Head of FX Strategy
Summary: Many currency pairs are pinballing around with no sustained directional conviction at the moment, a treacherous environment for momentum traders. EURUSD has been Exhibit One for this kind of behaviour for months.
The incredible surge in US treasuries reached a near term climax yesterday and a subsequent wave of strong risk sentiment today – just after an ugly meltdown in the US’ largest cap internet monopolies yesterday on news of an official anti-trust probe into their behaviour.
The latter story may have driven a sharp weakening in the US dollar yesterday, a move that was already reversing partially today – a sign that short-term nerves, reactivity to headlines and lack of conviction are rampant. The EURUSD chart has been Exhibit One in this kind of behaviour for months and our EURJPY short is about to get stopped out at break even in the signal tracker. We suggest that momentum / breakout traders should tread carefully here.
Given the inability of JPY crosses to develop greater momentum last week even as US treasury yields slid more sharply than even during the December equity market carnage, we wonder if there is anything left in the tank for yen longs here.
Breakout signal tracker
We leave the EURJPY short signal afloat for now – not far from our lowered stop.
Page 1: price action rather choppy in many pairs. EURUSD closed at a new 19-day high yesterday, but only within the context of absurdly compressed volatility – we’ve argued that at least 1.1300 needed for more attention there and arguably 1.1375-1.1400. The European Central Bank meeting is up on Thursday and is the next test for euro pairs. Elsewhere, the USDJPY move suddenly ran out of steam today as US yields rose again and risk sentiment brightened. EURGBP posted new highs yesterday and intraday today, but the reversal today points to fading momentum. The NZDUSD poking to a new 19-day high close yesterday is not occurring in the context of a compelling chart structure – reserving judgment there for now.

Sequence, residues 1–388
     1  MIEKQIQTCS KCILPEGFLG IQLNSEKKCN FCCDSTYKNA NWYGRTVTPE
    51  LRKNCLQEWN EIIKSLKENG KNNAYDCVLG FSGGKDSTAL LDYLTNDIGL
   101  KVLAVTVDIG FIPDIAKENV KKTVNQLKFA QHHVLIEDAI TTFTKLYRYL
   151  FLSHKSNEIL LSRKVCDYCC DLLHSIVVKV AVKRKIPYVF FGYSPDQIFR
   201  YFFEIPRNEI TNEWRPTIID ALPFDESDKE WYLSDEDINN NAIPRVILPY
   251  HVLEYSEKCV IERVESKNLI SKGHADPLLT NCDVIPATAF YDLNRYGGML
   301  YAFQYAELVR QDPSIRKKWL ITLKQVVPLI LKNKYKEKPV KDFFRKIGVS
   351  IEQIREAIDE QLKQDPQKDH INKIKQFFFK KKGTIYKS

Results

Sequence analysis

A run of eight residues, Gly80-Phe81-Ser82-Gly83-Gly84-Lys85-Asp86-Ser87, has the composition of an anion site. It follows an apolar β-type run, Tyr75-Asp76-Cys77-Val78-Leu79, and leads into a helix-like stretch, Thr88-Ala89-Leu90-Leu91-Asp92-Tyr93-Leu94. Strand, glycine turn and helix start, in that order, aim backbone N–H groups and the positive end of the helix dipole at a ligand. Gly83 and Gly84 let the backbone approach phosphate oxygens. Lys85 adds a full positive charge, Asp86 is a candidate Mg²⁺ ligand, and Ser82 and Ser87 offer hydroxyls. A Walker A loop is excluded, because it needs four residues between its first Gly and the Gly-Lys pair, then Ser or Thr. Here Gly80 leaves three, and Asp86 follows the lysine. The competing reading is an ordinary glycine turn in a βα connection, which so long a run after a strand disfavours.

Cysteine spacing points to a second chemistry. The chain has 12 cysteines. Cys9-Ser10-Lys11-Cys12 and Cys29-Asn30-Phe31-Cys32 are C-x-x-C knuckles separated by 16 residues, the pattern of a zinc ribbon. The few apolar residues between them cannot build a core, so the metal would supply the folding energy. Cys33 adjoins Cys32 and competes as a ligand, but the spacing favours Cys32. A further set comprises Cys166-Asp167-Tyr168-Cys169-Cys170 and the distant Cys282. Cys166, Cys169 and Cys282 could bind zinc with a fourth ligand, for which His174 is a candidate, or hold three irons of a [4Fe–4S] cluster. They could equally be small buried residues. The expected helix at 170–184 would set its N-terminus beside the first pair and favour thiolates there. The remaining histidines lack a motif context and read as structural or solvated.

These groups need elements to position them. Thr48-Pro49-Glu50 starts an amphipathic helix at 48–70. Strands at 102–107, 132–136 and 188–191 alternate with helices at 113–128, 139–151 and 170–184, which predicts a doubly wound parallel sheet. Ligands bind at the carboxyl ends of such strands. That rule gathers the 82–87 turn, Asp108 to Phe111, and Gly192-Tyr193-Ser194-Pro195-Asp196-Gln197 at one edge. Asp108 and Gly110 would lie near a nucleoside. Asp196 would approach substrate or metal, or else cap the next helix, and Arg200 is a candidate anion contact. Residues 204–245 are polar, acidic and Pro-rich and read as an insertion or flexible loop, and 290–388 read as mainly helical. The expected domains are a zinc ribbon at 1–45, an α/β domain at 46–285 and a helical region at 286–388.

EURGBP is showing signs of momentum decay as today’s fresh highs failed to hold – the second rejection of a new high recently. Bullish momentum failure could see the pair back in the lower range below 0.8800.
NZDUSD managed to barely scratch to a new 19-day high close yesterday, but the chart context does not offer a compelling toehold for bulls, with no identifiable pivot or break level. Stay tuned for the broader USD direction here.
The following is a left-to-right, column by column explanation of the FX Breakout Monitor tables.
Trend: a measure of whether the currency pair is trending up, down or sideways based on an algorithm that looks for persistent directional price action. A currency can register a breakout before it looks like it is trending if markets are choppy.
ATR: Average True Range or the average daily trading range. Our calculation of this indicator uses a 50-day exponential moving average to smooth development. The shading indicates whether, relative to the prior 1,000 trading days, the current ATR is exceptionally high (deep orange), somewhat elevated (lighter orange), normal (no shading), quiet (light blue) or exceptionally quiet (deeper blue).
High Closes / Low Closes: These columns show the highest and lowest prior 19- and 49-day daily closing levels.
Breakouts: The right-most several columns columns indicate whether a breakout to the upside or downside has unfolded today (coloured “X”) or on any of the previous six trading days. This graphic indication offers an easy way to see whether the breakout is the first in a series or is a continuation from a prior break. For the “Today” columns for 19-day and 49-day breakouts, if there is no break, the distance from the current “Quote” to the break level is shown in ATR, and coloured yellow if getting close to registering a breakout.
NOTE: although the Today column may show a breakout in action, the daily close is the key level that is the final arbiter on whether the breakout is registered for subsequent days.